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jambop

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Re: Rotting Tomotoes
« Reply #11 on: August 04, 2021, 20:06 »
Oh the logic is pretty easy to understand. BM needs expensive testing to be approved for the pesticide list and it's so easy and cheap to make that nobody thinks it worth that investment. Let's face it, home growers don't count in the eyes of DEFRA

Yes John I can understand that but is there no policing of the use of home made BM? For example if I was living in the UK and having the scientific knowledge I would be making my own and using in my garden it if its use was not policed. I could see the police would rely on people informing them of it being used but how many people would actually know it was being applied to a few tomato plants each year? It is a moral issue really and it is just my opinion but there are far far worse things going on for the government to be on the backs of a few householders who may choose to use BM. I am not being belligerent on the subject I understand it is the law in the UK so there is a legal reason not to use it but on the other hand you are saying people could make their own BM and use it and that seems a little odd to me. Or is the situation that the sale of ready to dilute BM is banned but not the actual buying of the chemicals required to make your own at home? As you say it is a very easy spray solution to prepare . I will leave it at that.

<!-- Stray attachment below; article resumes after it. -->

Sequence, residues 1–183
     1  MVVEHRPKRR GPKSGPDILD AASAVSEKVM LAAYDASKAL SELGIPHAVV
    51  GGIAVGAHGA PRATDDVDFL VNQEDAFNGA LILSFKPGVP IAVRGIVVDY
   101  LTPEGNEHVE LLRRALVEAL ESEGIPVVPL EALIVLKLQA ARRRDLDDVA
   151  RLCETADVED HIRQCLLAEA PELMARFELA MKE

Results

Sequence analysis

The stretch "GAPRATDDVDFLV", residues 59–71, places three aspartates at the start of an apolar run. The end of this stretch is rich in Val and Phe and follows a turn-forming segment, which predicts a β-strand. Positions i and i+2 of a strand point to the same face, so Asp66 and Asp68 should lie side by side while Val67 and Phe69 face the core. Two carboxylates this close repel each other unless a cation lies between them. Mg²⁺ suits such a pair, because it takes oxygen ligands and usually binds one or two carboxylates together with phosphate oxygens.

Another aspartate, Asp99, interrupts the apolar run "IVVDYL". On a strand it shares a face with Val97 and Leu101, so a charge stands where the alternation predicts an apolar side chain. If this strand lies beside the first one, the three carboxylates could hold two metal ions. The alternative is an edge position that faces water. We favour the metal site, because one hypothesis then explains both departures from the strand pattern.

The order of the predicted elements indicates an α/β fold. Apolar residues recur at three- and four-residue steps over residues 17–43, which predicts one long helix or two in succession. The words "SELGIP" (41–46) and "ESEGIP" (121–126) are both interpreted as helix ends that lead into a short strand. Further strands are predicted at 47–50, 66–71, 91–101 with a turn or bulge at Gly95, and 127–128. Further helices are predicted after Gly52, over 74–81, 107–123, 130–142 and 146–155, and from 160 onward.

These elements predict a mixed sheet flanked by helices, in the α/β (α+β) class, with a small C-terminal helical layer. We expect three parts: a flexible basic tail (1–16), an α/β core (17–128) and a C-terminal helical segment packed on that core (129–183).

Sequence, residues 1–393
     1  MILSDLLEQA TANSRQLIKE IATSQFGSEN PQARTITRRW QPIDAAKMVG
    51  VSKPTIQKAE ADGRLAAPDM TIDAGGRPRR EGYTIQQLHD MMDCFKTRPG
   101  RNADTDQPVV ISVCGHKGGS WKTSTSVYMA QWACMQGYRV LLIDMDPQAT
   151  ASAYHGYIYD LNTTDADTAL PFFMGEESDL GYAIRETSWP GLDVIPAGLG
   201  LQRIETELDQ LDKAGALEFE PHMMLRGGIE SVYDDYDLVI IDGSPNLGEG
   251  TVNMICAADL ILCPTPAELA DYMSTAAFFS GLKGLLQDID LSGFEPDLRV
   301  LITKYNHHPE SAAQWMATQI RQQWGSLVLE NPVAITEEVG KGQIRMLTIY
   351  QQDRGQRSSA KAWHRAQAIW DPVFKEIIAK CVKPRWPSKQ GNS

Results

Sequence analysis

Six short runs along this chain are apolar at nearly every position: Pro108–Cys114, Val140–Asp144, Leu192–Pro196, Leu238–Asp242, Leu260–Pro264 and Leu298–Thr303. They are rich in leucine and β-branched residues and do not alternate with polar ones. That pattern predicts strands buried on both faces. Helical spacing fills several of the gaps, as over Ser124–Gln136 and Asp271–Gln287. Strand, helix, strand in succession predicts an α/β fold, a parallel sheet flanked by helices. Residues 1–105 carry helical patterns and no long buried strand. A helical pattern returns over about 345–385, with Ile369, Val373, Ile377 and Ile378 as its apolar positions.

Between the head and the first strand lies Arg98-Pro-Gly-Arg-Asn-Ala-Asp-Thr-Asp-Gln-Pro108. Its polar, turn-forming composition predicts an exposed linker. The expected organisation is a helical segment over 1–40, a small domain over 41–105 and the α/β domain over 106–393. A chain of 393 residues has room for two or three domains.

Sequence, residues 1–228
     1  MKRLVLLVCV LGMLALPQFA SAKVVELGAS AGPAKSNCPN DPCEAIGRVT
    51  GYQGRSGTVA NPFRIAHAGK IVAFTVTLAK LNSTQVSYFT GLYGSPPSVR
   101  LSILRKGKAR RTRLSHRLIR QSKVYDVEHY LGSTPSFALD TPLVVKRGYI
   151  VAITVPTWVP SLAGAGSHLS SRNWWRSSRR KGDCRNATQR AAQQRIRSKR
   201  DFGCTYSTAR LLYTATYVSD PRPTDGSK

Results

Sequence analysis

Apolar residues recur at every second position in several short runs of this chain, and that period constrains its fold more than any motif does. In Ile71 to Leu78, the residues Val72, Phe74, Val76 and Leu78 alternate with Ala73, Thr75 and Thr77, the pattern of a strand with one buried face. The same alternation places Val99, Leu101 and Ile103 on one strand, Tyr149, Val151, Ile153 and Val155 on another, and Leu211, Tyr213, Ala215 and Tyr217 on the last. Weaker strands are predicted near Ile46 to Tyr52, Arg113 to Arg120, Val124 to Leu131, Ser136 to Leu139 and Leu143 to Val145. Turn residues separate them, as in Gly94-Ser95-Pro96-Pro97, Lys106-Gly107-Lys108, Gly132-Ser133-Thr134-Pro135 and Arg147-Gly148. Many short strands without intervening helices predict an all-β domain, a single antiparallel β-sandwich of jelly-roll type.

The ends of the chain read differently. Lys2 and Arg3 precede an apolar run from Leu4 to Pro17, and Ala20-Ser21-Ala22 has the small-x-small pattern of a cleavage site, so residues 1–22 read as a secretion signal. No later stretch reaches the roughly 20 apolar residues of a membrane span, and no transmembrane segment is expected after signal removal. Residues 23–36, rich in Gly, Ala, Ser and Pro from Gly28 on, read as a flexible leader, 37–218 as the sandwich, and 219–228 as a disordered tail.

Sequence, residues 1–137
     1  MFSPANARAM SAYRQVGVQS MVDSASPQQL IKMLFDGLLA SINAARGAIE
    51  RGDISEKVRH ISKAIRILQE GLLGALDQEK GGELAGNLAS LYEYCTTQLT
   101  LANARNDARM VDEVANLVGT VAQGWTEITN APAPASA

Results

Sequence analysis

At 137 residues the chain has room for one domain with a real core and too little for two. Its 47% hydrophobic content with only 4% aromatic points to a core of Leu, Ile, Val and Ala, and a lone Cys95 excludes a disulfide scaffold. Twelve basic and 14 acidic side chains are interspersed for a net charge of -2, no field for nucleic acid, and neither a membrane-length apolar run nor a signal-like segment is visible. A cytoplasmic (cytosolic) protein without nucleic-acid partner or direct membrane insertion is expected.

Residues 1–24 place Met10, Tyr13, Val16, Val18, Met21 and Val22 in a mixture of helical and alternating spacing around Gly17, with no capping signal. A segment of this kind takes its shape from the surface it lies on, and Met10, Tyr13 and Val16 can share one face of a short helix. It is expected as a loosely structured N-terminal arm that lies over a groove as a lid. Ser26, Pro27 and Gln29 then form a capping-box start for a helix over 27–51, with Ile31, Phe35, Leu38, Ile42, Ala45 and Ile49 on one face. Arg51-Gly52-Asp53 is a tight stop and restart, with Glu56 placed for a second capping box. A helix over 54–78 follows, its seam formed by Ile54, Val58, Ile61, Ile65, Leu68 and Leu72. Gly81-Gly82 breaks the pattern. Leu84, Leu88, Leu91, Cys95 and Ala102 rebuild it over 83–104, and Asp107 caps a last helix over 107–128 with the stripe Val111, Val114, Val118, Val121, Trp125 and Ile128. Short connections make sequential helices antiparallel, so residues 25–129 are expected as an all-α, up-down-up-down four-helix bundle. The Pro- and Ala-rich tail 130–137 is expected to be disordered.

« Last Edit: August 05, 2021, 08:12 by jambop »

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Benny130

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Re: Rotting Tomotoes
« Reply #12 on: August 05, 2021, 12:27 »
Would ripe tomatoes that appear to be "alright" that you had taken from the same plant as ones affected with blight be "alright"?

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New shoot

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Re: Rotting Tomotoes
« Reply #13 on: August 05, 2021, 13:09 »
They may develop blight over the next few days if not used straight away, but would be fine to eat if not and after a quick wash.

I have picked green tomatoes off blighted plants and put them on the windowsill to ripen before now. Some started showing signs of blight and had to be binned, some not and did ripen.

Luck of the draw on that one.
« Last Edit: August 05, 2021, 13:12 by New shoot »

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Sparkyweb

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Re: Rotting Tomotoes
« Reply #14 on: August 05, 2021, 20:31 »
Some of mine are like that too. My toms are in pots - should i move them or dispose of the plants? The other toms on the same plants look ok for the moment…